In 2002, I appeared on an episode of the Cooking Thin Show with chef Kathleen Daelemans on the Food Network. We met up in New York at the Food Network Studios. The set of Molto Mario was just inside, and I got a picture holding one of his wooden spoons. He never knew.

From there, we took a van to a home in Connecticut where filming was done, a whole day of shooting for 22 minutes of footage. It was an interesting, memorable experience, but one time was enough. The work is harder than it looks, and we had to wear make-up. 

Tuesday, December 22, 2015

C&T Spring 2016 Catalog!

When the C&T Spring 2016 Catalog arrived a week or two ago, I was on my way out the door, so I flipped through quickly and set it aside for later. It hadn't occurred to me that my book would be in it, but then I realized it probably would, so I looked again, and there it was! I was excited to see it on a full page as a new release, and there are a couple new photos of quilts by Krista Hennebury and Jacqueline Sava.

Of course, my book is one of hundreds in the catalog, so there's something for everyone. Being in the catalog is like being with friends. As I looked through the pages, I was happy to see so many friends and people I have met. My book, Modern Roots, Today's Quilts from Yesterday's Inspiration is now available for preorder and will be released in the late spring, 2016. 

Monday, December 21, 2015

"Red" - a #postmodernquilt

Red is love, war, passion, and blood. This quilt is new to my collection, and it explores the color red with elements of Pop Art, Matisse, Rorschach and traditional Hawaiian quiltmaking. It's a mash-up. The more you know about art history, quilt history, and quilt construction, the more remarkable it is.

"Red" 2015 by Teresa Coates, quilted by Jolene Knight, 78" x 78"
It is a very well crafted quilt. Teresa Coates of Portland, Oregon stitched the top with hand needleturn appliqué. The decision to do needleturn appliqué by hand was fueled by the desire to create a quilt of the finest quality. Raw-edge fusible applique was another option, but easier isn't always better.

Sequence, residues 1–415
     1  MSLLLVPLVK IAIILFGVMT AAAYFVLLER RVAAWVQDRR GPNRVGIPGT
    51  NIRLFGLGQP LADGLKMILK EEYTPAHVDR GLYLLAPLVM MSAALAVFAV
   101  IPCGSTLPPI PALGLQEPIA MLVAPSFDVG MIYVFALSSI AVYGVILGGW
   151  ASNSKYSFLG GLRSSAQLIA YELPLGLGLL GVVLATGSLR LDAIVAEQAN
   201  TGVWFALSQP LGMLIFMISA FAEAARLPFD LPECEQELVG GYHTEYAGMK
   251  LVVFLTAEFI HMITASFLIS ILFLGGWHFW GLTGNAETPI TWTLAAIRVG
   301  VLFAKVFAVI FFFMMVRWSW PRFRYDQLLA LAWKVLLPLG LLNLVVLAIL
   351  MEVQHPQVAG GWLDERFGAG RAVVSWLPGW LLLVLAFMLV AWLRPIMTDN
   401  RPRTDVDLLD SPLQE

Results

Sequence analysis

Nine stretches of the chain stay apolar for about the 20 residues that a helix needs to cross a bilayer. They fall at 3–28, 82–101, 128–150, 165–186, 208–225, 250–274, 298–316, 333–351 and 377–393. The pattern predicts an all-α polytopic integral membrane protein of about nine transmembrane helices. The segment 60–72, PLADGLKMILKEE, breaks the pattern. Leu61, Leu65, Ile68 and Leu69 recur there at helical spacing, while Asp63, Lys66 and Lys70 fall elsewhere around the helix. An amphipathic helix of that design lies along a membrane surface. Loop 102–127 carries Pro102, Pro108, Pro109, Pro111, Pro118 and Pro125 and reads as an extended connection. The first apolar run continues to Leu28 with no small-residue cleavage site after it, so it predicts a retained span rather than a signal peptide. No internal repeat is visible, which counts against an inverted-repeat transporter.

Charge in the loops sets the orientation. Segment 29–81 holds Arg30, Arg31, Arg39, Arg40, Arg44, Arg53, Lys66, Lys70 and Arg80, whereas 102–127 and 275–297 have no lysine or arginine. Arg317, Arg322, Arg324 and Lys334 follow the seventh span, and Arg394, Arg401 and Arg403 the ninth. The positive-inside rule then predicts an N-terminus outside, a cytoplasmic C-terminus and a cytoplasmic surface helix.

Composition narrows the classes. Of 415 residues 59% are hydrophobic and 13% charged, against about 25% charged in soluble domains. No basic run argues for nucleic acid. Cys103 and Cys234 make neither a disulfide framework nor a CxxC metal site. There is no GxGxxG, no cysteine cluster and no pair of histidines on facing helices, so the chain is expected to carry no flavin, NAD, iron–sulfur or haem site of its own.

Jolene Knight quilted the piece. She used computer guided quilting in the center spiral of the red, and the remaining red was free-motion quilted, continuing the pattern of the spiral. The white area was also free-motion quilted, but it was all echo quilted, following the applique design. Teresa Coates added a few randomly placed rows of big-stitch hand quilting, a subtle detail you will only see up close.


You could call it a modern quilt, but it is really 21st century and postmodern. A #postmodernquilt. When I photographed it, I was missing the wonderful late afternoon light of the summertime, which really helps the surface texture pop. As a result, these photos look a bit flat. The quilt is drop-dead gorgeous and full of texture in person. A masterpiece. I look forward to getting pictures when the light is right.

Sunday, December 20, 2015

from the scrap bag

Rail Fence made in Oregon with Hawaiian scraps
cottons, c. 1985-1995, 68" x 85"
A pair of quilts arrived last week from a seller in central Oregon. Both of them are Rail Fence, made some time in the last 30 years.

Rail Fence made in Oregon with Hawaiian scraps
cottons, c. 1985-1995, 66" x 83"
Interestingly, the finishes do not match, even though the quilts came from the same home. One is hand quilted and has a narrow, applied cotton binding. The other is machine quilted and has an inch-wide applied polyester double knit binding.

Both quilts include strips of Hawaiian print fabric, but I do not believe they were made there. The other day, when talking to Sandi Hazlewood on the Crafty Planner podcast, she told a story about a vacation to Hawaii, when she bought a bag of scraps and sent them back to her mother, who made a quilt.

I think these two quilts have similar origins; bags of scraps brought back to the mainland, where quilts were made. The strips are fairly uniform but irregularly shaped, and it seems to be a deep stash with a wide variety of Hawaiian prints; perhaps more of an industry-generated stash than a personal one.

Saturday, December 19, 2015

"What was the attraction to quilts?"